Living while Black continues to be difficult for men and women of color in the United States. However, despite the below freezing temperatures demonstrations continue in the United States and around the world in response to the unfair and racist verdict of “not indictment” of White cop Darren Wilson for the shooting of the unarmed teen Michael Brown who is Black. Wilson shot the unarmed teenager at least 12 times while his hands where in the air in the surrender position and his head down. One bullet struck Brown directly in the top of the head.
In solidarity for the unarmed 18-year-old’s murder demonstrations were held every day in Ferguson, Missouri since Michael Brown was murdered by Wilson in August. After the verdict, demonstrations in massive numbers were held in Ferguson as well as at least 200 other places around the world including New York, Washington D. C., Oakland, Los Angeles, Philadelphia, London England, Canada, Detroit, Atlanta, Boston, Chicago, Minneapolis, Denver, Cleveland, Milwaukee, Pittsburgh, Detroit, Baltimore, Dallas, Kansas City Missouri, San Francisco, Portland and many other cities and towns. Protestors of all races, nationalities, ethnicities, socioeconomic levels, religions and ages felt the hurt and pain of the shooting of the unarmed teen and the many, many Black youth, men and women who have men killed by police and treated unfairly in the name of the law.
Some marched with their hands in the air chanting Hands Up Don’t Shoot. Other demonstrators laid silently on the grown as Michael Brown’s body was left to fester under the blazing August sun for 4 hours after being shot 12 times by Wilson. CNN reported that inmates joined in the demonstration from their prison cells in Boston. In London England the protest of solidarity began in front of the U. S. Embassy before moving throughout the city. Seattle High School students walked out of school to protest the unfairness of the verdict.
The feelings of hopelessness and frustration by some protestors against the violent and unequal treatment by police resulted in fire setting and turning over of police cars. The hate for Michael Brown and his family was evident when anti-protestors burned down Michael Brown’s father’s church. And still other anti-protestors ran over protesters with their cars causing bodily injuries.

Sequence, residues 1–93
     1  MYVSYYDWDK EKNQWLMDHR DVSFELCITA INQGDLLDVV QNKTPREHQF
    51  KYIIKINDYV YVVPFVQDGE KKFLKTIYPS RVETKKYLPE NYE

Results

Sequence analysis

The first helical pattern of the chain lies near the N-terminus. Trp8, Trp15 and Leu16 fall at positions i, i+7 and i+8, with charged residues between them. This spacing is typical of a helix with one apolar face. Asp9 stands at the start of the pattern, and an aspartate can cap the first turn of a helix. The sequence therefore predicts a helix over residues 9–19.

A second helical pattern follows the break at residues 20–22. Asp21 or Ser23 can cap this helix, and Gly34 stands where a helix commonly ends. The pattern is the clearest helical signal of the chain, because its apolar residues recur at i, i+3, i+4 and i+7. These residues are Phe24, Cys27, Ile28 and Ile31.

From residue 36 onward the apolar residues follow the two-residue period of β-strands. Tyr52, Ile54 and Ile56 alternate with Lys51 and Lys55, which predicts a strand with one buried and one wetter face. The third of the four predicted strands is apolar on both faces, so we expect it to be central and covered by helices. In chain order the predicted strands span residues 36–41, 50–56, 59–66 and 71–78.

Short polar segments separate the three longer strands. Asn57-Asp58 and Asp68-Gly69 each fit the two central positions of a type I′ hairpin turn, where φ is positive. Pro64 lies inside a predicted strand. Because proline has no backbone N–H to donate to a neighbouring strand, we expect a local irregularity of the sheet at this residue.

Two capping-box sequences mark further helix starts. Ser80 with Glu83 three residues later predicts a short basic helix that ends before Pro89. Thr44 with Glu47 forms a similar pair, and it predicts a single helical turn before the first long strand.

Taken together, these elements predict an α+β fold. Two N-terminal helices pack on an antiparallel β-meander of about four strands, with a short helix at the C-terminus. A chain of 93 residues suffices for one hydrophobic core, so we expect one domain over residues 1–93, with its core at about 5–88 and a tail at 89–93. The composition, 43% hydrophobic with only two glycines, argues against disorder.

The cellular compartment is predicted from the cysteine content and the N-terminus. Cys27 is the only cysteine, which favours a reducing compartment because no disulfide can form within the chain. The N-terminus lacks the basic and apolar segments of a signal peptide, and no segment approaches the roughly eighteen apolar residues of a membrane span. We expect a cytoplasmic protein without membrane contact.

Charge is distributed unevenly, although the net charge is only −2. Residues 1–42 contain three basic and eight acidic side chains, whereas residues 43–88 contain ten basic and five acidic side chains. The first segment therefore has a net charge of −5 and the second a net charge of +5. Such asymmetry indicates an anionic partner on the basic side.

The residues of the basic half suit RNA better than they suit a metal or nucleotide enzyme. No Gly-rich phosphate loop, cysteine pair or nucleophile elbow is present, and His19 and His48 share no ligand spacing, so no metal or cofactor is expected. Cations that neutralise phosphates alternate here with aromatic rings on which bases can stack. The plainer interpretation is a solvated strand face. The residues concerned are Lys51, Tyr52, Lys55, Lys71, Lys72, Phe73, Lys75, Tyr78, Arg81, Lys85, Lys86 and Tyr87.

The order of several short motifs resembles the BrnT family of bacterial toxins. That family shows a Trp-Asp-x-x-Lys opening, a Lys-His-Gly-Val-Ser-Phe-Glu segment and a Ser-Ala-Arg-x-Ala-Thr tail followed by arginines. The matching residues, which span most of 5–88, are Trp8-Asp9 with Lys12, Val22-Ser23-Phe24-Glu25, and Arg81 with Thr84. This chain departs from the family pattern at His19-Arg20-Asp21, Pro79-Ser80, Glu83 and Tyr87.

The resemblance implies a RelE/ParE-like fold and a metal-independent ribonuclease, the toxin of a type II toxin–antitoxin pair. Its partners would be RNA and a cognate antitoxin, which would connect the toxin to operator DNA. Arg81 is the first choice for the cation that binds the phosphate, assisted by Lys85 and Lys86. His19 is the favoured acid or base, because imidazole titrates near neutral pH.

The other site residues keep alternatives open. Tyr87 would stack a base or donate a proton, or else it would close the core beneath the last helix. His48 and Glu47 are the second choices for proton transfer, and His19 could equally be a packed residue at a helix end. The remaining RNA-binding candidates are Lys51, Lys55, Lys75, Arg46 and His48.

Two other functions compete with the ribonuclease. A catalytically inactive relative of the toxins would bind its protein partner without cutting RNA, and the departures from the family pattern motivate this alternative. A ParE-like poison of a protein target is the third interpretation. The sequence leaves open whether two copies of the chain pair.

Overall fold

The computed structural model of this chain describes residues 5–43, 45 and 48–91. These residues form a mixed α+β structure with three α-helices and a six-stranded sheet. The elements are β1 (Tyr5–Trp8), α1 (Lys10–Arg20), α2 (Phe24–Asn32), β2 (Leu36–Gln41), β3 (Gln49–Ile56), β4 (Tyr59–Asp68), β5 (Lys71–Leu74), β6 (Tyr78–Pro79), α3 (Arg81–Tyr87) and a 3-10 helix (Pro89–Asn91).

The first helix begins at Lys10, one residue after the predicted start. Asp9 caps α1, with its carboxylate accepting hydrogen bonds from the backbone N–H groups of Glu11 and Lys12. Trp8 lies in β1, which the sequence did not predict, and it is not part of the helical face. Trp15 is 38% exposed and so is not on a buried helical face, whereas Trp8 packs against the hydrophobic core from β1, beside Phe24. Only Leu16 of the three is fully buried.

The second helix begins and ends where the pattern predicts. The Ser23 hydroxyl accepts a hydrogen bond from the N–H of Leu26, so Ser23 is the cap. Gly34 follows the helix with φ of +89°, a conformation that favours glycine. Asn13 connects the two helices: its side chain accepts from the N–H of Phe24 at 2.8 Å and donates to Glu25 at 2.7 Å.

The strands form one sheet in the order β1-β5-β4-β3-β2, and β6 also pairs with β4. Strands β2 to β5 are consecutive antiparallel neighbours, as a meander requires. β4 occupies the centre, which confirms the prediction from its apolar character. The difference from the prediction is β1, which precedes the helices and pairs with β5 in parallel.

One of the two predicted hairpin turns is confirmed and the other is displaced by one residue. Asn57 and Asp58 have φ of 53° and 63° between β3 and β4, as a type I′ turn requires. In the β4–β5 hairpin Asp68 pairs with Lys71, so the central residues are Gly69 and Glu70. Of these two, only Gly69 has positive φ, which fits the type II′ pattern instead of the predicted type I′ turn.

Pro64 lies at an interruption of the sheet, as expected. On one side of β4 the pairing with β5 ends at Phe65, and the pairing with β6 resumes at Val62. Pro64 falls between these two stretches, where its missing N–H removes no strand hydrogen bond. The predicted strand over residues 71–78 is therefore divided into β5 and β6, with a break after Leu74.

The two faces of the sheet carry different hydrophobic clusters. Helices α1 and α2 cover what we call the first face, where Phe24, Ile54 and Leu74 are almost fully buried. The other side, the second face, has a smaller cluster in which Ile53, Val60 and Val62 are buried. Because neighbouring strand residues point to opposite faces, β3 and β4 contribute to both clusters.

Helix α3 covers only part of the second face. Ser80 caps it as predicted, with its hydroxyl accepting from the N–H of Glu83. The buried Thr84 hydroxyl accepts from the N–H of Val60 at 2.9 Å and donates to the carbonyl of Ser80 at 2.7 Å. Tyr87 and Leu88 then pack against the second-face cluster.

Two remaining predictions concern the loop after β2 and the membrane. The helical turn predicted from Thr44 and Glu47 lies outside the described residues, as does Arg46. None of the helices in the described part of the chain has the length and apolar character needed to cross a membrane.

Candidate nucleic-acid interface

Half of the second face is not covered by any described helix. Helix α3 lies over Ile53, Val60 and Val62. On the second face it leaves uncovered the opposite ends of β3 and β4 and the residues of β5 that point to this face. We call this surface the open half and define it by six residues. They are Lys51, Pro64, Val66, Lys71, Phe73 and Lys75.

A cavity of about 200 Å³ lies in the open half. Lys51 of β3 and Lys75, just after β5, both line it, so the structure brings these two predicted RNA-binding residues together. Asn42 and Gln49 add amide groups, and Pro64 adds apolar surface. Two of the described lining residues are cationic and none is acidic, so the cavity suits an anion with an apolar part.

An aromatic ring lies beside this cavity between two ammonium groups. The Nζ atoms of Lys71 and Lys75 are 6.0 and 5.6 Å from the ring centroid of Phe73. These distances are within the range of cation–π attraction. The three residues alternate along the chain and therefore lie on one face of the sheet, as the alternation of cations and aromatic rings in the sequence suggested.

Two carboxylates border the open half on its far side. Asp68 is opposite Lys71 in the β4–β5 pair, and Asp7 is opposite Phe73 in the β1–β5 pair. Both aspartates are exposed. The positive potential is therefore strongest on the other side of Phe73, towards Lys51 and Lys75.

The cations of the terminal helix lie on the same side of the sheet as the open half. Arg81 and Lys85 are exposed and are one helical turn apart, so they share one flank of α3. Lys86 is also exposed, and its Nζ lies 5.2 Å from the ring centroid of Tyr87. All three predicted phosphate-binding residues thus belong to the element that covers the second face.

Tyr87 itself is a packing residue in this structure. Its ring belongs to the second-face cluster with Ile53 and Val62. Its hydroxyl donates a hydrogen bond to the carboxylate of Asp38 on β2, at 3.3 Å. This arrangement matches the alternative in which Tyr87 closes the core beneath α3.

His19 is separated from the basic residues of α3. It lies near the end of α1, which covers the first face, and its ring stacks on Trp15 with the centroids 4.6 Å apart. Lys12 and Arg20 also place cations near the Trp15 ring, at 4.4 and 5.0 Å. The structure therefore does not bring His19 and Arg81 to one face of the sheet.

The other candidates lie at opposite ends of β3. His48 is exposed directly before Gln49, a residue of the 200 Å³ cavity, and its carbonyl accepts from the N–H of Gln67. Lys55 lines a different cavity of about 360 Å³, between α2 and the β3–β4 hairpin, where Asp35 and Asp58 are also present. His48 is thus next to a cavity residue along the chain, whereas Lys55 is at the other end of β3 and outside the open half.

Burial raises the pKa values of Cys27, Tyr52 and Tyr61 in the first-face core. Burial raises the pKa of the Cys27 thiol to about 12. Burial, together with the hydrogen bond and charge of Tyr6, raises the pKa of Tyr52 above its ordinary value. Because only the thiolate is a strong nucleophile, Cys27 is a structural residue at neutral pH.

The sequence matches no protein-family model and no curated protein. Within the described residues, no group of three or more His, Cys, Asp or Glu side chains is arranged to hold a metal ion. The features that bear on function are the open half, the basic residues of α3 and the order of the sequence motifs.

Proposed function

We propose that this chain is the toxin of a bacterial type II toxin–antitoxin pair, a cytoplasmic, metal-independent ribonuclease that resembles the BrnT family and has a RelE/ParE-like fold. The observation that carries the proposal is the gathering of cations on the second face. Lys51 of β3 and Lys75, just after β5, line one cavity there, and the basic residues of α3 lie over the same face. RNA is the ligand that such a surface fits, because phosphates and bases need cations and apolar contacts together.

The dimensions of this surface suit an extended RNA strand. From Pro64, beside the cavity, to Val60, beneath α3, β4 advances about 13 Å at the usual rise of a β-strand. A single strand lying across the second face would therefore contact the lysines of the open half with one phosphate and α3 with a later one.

However, those in solidarity for Michael Brown were not deterred. Some followed in the footsteps of the powerful civil rights leader Rev. Dr. Martin Luther King, Jr. and blocked the bridges as Dr. King and the protesters did on the Pettus Bridge during the Civil Rights protest march from Selma to Alabama in 1965. In Philadelphia the major Interstate I95 was blocked by protestors, several bridges in New York were shut down, and in Massachusetts, Denver and other places streets and bridges where shut down by protestors.
Fifty years later we are still marching and protesting for equality, civil rights, justice and hope. Many protestors have lost hope for equality or fairness for people of color, especially a Black male.
In one moving support of hope in Philadelphia, the Unitarian Universalist Church held a peace and justice vigil for Michael Brown on the day after the tragic verdict. Individuals of all races and ages took part in the demonstration and vigil outside with candles, songs, poems and signs saying We Stand on the Side of Peace, Black Lives Matter, Honk for Justice for Michael Brown. The group then filed inside the church to begin the healing. They sang songs, prayed for peace, recited poems for equality and justice, and discussed their fears, frustrations and hopes.
Sadly, running down the length of the sanctuary was a banner with the names of a thousand individuals killed by police officers. Sorrowfully, on the day before the justice vigil for Michael Brown another child’s name was added, hand-written at the beginning of the long list of those killed by police was 12-year-old Tamar Rice who was shot and killed by two Cleveland police officers while he was sitting in a swing playing with a toy gun.